The IMSD Program in Brown University's Division of Biology and Medicine will significantly increase the number of underrepresented (UR) PhD students trained for careers in biomedical and public health research. This IMSD Program is projected to increase its UR student population in the Division's 10 doctoral programs to 25%. The IMSD grant will fund 10-12 doctoral students per year for an average of one year. First-year students will be appointed via a selective process and provided with the necessary support, advising, mentoring, and development tools to overcome deficiencies in academic preparation or other disadvantages en route to earning their PhDs. The PIs will oversee ongoing and detailed evaluation with internal and external advisory board oversight to permit assessment of progress toward goals, the ability to adjust strategy as needed, and provide incentives for advancing a culture of diversity within PhD training.
The specific aims are: 1) Enhance and Expand Strategic Partnerships with institutions that serve or train large numbers of UR students. In addition advancing our current partner relationships and developing new partnerships, we will improve on our long-standing relationship with the Brown-Tougaloo Program, and advance relationships with professional organizations serving the academic interests of UR students. 2) Implement a Multi-Faceted, Personalized Educational Program for IMSD Trainees that provides a continuous-to-degree advising and support structure empowering students to develop their full potential. The Program core is a "menu" of skill-based not-for-credit training modules designed for IMSD Trainees but open to all graduate students. Other components include seminars, advisory meetings, IMSD Trainee-faculty functions, a Peer Mentor network, student-faculty compacts, an interactive Program Web site, and an Annual retreat with External and Internal Advisors provide integration and continuity within the Program. All IMSD faculty trainers have federal funding and a record of successfully mentoring UR trainees. 3) Improve Divisional Diversity Practices in PhD Training by raising awareness of the benefits faculty mentors and their research programs derive from investments in this area and by providing an institutional structure that sets expectations for diversity and rewards achievement. As faculty beyond our group of IMSD mentor and advisor faculty observe the successes of this group and seek out IMSD Scholars for their own labs, they will receive incentives. The eventual outcomes of this aim will be measured by increases the in the number of a) UR students overall, b) individual doctoral programs with a critical mass of UR students and c) faculty labs with UR students doing thesis research. The IMSD's relationship with the Dean's office provides co- leadership and accountability to effect positive change and advance the institutional culture.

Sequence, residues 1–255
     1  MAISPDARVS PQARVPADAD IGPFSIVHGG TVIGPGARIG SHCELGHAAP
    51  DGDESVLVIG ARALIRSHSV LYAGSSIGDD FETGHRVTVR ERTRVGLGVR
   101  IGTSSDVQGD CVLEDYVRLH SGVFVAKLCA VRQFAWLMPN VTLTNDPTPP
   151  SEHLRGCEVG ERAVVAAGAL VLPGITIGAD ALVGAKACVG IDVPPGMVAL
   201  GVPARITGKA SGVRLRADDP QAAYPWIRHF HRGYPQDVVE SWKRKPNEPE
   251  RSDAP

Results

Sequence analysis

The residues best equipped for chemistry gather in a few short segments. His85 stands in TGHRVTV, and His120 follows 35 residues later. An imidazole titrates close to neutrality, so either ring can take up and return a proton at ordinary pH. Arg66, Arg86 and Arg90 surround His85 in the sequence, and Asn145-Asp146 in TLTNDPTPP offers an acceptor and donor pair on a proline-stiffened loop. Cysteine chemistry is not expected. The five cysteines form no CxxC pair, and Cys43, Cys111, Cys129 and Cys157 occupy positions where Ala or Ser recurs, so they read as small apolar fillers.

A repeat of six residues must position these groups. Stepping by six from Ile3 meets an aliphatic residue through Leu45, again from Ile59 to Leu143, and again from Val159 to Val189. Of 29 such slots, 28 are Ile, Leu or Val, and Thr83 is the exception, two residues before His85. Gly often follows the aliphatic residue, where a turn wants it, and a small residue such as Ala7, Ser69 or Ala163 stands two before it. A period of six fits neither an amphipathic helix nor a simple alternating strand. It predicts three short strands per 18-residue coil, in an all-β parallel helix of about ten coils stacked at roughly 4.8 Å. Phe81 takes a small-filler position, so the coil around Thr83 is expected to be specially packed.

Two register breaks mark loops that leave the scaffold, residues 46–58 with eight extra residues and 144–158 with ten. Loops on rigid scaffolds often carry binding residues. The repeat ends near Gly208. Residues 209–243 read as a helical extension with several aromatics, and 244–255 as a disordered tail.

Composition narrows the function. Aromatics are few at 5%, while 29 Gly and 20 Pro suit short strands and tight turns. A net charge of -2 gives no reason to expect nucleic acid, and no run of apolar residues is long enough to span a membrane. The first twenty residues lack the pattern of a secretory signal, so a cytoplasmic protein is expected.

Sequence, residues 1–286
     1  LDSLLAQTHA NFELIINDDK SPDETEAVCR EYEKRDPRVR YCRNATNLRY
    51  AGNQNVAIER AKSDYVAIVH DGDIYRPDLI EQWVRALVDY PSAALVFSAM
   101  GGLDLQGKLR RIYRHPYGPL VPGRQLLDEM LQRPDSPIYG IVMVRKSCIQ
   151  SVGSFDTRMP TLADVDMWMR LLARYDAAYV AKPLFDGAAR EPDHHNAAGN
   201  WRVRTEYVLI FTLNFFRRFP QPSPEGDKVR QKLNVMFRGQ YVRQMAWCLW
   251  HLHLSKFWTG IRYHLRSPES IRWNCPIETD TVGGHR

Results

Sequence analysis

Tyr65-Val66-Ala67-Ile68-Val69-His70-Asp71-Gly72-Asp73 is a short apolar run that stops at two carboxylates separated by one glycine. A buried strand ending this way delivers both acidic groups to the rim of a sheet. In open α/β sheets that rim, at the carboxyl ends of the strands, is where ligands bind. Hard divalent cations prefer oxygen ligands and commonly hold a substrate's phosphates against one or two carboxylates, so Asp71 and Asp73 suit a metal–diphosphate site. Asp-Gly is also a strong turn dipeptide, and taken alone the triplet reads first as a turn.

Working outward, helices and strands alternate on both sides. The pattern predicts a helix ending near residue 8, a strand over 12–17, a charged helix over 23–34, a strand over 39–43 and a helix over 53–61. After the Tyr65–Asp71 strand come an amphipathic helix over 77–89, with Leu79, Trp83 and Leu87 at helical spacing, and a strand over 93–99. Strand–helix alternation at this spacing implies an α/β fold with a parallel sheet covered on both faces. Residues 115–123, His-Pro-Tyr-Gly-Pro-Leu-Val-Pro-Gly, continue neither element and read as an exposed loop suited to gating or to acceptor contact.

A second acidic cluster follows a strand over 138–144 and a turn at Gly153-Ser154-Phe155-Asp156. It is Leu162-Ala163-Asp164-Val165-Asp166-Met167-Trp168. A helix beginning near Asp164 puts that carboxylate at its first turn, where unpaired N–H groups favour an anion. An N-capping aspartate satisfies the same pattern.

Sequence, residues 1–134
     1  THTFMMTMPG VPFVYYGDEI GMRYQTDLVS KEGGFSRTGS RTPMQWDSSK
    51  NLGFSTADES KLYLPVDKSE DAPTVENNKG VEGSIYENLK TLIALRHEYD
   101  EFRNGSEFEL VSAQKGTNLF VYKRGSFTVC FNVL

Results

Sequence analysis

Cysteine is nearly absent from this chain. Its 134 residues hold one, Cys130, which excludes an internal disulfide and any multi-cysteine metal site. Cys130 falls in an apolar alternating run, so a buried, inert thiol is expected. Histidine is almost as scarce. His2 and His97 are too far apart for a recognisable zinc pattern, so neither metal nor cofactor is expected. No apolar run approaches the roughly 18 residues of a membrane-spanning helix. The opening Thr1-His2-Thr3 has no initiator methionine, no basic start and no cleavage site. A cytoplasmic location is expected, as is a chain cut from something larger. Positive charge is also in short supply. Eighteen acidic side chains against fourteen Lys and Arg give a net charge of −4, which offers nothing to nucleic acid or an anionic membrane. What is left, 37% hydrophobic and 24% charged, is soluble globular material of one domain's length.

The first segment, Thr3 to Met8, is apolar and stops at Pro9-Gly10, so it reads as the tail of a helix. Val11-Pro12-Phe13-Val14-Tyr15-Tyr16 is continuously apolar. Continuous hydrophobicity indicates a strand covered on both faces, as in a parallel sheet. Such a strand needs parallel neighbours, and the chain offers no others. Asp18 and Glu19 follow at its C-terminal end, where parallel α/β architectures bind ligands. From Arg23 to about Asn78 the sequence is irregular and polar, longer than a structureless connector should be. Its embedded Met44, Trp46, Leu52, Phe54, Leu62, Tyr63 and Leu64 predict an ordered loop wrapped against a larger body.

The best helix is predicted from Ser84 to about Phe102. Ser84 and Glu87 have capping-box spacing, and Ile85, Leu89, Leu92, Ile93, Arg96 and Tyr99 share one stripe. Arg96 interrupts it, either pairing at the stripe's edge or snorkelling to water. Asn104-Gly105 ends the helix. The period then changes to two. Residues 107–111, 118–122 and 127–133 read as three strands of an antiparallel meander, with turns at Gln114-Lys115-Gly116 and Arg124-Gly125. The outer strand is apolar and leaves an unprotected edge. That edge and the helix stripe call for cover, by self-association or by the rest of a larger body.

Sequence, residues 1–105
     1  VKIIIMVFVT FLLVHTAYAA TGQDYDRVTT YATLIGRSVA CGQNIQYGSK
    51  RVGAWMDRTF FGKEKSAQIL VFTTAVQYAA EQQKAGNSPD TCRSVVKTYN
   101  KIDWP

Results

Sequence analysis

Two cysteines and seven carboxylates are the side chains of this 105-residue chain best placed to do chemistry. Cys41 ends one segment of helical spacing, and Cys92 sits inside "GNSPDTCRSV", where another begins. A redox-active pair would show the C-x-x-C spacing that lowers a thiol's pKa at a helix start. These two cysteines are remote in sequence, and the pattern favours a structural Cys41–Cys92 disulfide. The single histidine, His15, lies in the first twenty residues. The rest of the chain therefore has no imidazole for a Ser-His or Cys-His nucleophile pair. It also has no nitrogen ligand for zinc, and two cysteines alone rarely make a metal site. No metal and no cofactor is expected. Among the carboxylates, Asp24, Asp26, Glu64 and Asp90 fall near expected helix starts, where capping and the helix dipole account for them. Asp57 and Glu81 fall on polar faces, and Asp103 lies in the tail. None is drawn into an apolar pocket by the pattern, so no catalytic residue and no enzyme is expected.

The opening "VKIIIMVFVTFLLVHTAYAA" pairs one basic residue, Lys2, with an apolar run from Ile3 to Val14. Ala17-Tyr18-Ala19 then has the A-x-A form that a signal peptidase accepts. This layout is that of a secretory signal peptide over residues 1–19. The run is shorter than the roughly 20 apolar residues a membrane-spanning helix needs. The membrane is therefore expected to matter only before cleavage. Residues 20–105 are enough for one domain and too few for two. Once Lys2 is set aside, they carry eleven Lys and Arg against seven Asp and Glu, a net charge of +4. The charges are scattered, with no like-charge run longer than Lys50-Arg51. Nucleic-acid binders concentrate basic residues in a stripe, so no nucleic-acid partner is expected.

The Brown IMSD program will train pre-doctoral scholars who upon completion will join the US scientific/biomedical workforce, contributing to the advancement of human health.
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